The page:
Add an Annual Hearing Test To Your New Year's Resolutions!

Add an Annual Hearing Test To Your New Year’s Resolutions!

Leanne E. Polhill, LHAS, BC-HIS, BA Hearing Health, Hearing Testing

Leanne E. Polhill, LHAS, BC-HIS, BA
Latest posts by Leanne E. Polhill, LHAS, BC-HIS, BA (see all)

When most people make new year’s health resolutions, it is usually to do with improving their overall cardiovascular health, or abstaining from damaging habits like smoking or drinking. Taking care of your hearing doesn’t jump out as a popular choice to focus on, but you might not realize that paying more attention to this can be beneficial to your long-term mental and cognitive health. Many people wait a long time before addressing any latent problems they have with their hearing, and it can have a cumulative effect which won’t be felt until years down the road when it is too late to do anything about it. This year, schedule an annual hearing test.

The benefits of treating hearing loss early on

Few people will regret addressing their hearing loss earlier rather than later. Hearing aid users often report an immediate improvement in their everyday quality of life. They can talk on the phone again. They can meet friends in noisy cafes without feeling overwhelmed by the atmosphere. They catch each joke, piece of gossip, and line of banter from friends over the dinner table.

But the biggest benefits could be long term. Studies have shown that hearing aids lead to improvements in cognition and mental health, and a reduction in dementia. Let’s look at each one in turn.


Recent studies conducted by the Brandeis University Neuroscience department found that not addressing hearing loss has a detrimental effect on high level cognitive functioning. Sufferers find it harder to process things that they hear in the brain. This makes it harder for them to focus on tasks that are more mentally demanding. They proved this on tests where those with hearing loss performed worse than those with normal hearing on cognition tests. To explain why this happened, the authors point out that increases in ‘cognitive load’ among those with hearing loss divert resources away from memory resources in the brain.

A different study found improvements for hearing aids users in cognition. Researchers from The University of Texas at El Paso gave hearing aids to older people with hearing loss who had never used hearing aids before. They then tested them on memory recall and found the users had improved speed and performance following adoption of the hearing aids.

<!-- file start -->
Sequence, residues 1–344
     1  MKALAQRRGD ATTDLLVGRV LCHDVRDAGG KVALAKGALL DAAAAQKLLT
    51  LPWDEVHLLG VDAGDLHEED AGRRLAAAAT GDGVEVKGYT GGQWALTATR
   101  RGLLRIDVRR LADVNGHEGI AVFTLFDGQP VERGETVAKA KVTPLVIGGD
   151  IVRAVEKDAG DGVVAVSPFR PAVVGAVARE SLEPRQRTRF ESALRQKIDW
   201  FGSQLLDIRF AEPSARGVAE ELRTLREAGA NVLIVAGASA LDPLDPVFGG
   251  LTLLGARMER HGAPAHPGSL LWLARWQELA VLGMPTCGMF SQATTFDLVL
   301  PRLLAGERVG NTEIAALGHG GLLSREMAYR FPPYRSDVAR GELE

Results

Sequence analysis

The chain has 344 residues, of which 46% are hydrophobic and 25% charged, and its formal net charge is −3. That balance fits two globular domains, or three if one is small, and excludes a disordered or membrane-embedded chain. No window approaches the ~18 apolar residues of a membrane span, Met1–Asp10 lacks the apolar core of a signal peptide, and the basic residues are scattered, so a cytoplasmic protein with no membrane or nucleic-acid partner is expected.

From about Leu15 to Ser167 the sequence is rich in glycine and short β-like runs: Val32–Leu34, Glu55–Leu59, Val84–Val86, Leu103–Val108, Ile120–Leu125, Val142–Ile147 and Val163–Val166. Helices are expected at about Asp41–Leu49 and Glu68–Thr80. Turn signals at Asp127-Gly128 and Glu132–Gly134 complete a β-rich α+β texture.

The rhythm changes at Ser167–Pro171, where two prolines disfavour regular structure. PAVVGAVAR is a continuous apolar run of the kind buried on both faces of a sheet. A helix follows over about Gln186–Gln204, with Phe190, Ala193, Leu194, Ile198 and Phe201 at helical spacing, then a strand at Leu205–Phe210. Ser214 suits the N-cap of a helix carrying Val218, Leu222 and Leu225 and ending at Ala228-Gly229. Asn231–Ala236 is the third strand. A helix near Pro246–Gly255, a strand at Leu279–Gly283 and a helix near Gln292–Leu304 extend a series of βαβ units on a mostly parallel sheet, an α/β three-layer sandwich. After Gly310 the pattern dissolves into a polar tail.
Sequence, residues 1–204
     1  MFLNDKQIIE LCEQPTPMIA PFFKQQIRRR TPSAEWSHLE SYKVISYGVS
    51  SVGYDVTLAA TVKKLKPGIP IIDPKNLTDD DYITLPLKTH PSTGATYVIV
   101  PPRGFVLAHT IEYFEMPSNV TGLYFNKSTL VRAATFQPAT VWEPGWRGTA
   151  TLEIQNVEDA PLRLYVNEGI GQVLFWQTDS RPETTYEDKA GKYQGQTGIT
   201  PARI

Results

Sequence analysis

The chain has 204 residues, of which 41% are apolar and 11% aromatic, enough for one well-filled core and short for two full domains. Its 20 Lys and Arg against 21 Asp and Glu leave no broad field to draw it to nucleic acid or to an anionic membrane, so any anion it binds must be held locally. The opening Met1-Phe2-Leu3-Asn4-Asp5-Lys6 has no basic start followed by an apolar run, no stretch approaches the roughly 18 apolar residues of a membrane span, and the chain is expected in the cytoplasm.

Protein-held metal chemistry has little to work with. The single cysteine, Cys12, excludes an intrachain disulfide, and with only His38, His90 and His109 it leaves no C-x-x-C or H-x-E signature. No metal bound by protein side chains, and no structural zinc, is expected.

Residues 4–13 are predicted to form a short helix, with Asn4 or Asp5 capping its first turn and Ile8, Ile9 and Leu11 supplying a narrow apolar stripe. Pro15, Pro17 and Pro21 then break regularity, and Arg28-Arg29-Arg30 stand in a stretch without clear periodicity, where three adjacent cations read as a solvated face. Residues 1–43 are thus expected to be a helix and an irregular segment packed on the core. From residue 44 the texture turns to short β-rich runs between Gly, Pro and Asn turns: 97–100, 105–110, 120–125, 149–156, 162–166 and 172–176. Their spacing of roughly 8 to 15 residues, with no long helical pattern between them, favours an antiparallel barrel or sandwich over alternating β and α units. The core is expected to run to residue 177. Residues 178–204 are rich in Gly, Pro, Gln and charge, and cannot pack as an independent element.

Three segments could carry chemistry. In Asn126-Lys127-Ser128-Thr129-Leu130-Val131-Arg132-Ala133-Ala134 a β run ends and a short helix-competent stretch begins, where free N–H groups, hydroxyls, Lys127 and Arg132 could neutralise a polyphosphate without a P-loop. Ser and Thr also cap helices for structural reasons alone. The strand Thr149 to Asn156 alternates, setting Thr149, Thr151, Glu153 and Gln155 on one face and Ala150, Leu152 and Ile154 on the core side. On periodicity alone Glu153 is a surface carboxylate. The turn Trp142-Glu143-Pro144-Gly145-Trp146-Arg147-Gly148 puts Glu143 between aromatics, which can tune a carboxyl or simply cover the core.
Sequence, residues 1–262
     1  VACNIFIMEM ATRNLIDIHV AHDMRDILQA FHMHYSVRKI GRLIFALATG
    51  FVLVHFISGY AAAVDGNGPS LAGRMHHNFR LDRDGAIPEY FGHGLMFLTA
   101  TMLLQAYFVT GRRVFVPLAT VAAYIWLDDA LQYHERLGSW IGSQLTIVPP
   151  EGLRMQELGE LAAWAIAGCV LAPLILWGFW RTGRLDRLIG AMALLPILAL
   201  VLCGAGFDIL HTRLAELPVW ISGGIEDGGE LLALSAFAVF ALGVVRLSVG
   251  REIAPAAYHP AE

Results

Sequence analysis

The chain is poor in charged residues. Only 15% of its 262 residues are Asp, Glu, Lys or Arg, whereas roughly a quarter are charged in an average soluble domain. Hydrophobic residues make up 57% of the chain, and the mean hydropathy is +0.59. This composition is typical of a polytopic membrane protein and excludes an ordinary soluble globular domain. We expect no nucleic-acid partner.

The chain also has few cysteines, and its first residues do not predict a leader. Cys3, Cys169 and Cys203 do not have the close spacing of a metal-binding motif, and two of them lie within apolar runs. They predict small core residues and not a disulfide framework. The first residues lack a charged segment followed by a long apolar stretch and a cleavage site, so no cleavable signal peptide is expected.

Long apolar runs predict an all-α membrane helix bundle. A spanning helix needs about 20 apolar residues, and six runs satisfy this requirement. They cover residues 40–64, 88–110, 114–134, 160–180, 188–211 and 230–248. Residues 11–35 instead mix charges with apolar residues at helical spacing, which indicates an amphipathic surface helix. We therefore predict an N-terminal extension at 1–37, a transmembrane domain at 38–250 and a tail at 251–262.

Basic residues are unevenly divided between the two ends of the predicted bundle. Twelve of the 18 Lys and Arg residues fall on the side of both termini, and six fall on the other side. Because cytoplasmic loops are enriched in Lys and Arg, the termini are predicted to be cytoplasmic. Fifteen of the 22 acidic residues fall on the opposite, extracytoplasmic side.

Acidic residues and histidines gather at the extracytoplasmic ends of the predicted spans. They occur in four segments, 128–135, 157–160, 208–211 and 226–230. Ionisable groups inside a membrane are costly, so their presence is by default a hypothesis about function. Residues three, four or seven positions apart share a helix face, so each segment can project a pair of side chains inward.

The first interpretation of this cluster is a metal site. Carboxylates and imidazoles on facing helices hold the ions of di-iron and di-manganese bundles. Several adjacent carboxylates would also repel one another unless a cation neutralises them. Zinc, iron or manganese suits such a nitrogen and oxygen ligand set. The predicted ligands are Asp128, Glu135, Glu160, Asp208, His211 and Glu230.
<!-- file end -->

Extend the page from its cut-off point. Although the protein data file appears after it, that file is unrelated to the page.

More and more studies are coming out which point to a link between dementia and hearing loss. The most high-profile study was released as part of World Hearing Day in 2018, in which a longitudinal study conducted in France over 25 years discovered an increased risk of dementia among adults with hearing loss, as well as an increased propensity for males to develop depression.

The same year, another paper by the University of Manchester proclaimed that a hearing aid can slow the march of dementia by an amazing 75 percent! It’s clear that taking control of your hearing can have significantly reduce your chances of developing dementia.

Mental Health

You might also be making a positive impact on your mental health with hearing aids. A recent paper from Johns Hopkins University claims that older people with hearing loss are 57 percent more likely to have a depressive episode than those with normal hearing.

An explanation for this could be that people with hearing loss are more likely to stay at home and avoid attending social functions in bars, restaurants, cafes or anywhere else where a group of people gather. Shutting yourself off is the surest way to strain family, friend and romantic connections. This could lead to a cycle of loneliness and social isolation where more serious mental health issues have a chance to foment.

But the benefit of a hearing aid is that the user can attend those social occasions again, as many devices come equipped with technologies that help the wearer hear better in noisy environments. And the time has never been better to wear one – hearing aids are smaller, more discreet and more technologically advanced than ever before. So, the sooner you identify any potential hearing loss and start using hearing aids, the sooner you’ll begin to see the benefits of hearing more clearly.

Are you willing to make 2019 the year you act on hearing loss? Schedule an annual test with Encore Hearing today!